The state of Oklahoma used a new drug combination for the first time during an execution and it went horribly wrong. According to the Huffington Post, Clayton Lockett had his execution halted, but later died of a heart attack.
Lockett was writhing, clenching his teeth, and struggling against the restraints holding him onto the gurney during the execution due to the new drug combination. Lockett was deemed unconscious 10 minutes following the first of three drugs from the new combination was given to him on Tuesday.
Not three minutes later he began to clench his teeth, writhe and breathe heavily. Officials from the execution blamed the issues on a ruptured vein. The Department of Corrections made sure the blinds were closed so those in the viewing gallery could not see what was happening. Lockett died shortly after of a heart attack.
“It was a horrible thing to witness. This was totally botched,” said Lockett’s attorney, David Autry.
The first-time use of the sedative midazolam by Oklahoma came with a ton of issues on Tuesday. It was used as the first element in the drug combination for execution. It has been used in the past by other states, with Florida administering 500 milligrams of the drug in its three-part combo. Oklahoma used only 100 milligrams of the drug.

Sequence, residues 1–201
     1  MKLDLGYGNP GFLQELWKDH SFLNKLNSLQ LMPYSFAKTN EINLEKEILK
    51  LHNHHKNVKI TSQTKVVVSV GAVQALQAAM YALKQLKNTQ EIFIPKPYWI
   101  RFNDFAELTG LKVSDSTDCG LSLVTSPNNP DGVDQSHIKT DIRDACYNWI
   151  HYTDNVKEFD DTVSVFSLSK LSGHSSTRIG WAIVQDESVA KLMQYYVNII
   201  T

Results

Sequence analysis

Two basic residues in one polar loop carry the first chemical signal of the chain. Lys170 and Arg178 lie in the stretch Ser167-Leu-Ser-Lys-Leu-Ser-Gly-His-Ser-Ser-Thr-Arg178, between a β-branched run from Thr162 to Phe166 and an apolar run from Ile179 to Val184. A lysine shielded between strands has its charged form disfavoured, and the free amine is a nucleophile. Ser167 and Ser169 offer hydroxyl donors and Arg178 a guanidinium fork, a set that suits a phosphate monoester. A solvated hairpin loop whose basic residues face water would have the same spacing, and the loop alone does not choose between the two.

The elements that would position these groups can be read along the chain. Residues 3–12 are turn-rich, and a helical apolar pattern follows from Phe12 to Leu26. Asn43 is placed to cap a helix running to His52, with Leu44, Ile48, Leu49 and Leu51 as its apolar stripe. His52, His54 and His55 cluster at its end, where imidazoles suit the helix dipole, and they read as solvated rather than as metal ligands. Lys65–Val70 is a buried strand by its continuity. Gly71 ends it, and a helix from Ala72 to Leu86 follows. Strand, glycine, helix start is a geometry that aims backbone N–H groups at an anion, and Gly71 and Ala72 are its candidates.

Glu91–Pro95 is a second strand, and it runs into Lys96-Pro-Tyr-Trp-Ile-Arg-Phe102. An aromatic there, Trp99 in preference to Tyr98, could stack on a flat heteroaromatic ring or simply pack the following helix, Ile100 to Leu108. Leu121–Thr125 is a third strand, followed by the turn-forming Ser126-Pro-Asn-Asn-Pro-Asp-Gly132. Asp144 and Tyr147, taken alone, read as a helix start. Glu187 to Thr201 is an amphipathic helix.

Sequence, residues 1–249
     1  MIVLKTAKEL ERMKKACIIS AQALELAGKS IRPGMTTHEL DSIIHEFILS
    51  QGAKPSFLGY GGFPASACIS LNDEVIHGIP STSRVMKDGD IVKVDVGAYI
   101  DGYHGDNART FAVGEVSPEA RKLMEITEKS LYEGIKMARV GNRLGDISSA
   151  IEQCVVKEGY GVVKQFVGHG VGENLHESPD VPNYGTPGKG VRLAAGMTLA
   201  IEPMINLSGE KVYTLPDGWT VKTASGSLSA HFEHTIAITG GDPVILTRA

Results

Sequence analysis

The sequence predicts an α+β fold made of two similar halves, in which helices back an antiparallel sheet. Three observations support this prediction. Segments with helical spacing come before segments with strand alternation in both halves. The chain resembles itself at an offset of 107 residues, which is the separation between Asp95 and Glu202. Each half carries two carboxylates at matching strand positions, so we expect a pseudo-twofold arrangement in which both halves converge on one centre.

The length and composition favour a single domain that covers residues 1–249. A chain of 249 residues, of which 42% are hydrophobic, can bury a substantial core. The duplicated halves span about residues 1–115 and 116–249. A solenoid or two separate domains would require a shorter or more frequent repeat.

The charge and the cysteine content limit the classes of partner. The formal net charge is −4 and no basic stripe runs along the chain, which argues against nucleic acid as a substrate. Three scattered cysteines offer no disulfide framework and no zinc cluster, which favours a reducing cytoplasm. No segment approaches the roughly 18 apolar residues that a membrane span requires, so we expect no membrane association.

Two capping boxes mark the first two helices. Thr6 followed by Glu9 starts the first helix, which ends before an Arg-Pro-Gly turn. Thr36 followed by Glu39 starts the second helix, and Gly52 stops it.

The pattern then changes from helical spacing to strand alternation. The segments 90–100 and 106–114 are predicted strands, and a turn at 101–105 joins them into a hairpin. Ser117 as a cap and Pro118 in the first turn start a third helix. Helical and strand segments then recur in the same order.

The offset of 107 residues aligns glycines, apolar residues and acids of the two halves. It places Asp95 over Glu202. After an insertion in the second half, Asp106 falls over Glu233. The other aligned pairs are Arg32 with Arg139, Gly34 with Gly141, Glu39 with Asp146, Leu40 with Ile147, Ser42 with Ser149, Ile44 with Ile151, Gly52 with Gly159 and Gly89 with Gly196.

“They should have anticipated possible problems with an untried execution protocol,” Autry said. “Obviously the whole thing was gummed up and botched from beginning to end. Halting the execution obviously did Lockett no good.”
Charles Warner was scheduled to be executed just two hours after Lockett, but Governor Mary Fallin ordered a 14-day stay of execution for Warner after what occurred during Lockett’s execution. Fallin also ordered the Department of Corrections to conduct a “full review of Oklahoma’s execution procedures to determine what happened and why during this evening’s execution.”
The director of the department, Robert Patton, decided to halt the execution 20 minutes after the first drug was given to Lockett.
“There was some concern at that time that the drugs were not having that (desired) effect, and the doctor observed the line at that time and determined the line had blown,” Patton said at a news conference. “After conferring with the warden, and unknown how much drugs went into him, it was my decision at that time to stop the execution.”
Lockett was then declared dead at 7:06 p.m.
“I’m not a medical professional, but Mr. Lockett was not someone who had compromised veins,” Autry said. “He was in very good shape. He had large arms and very prominent veins.”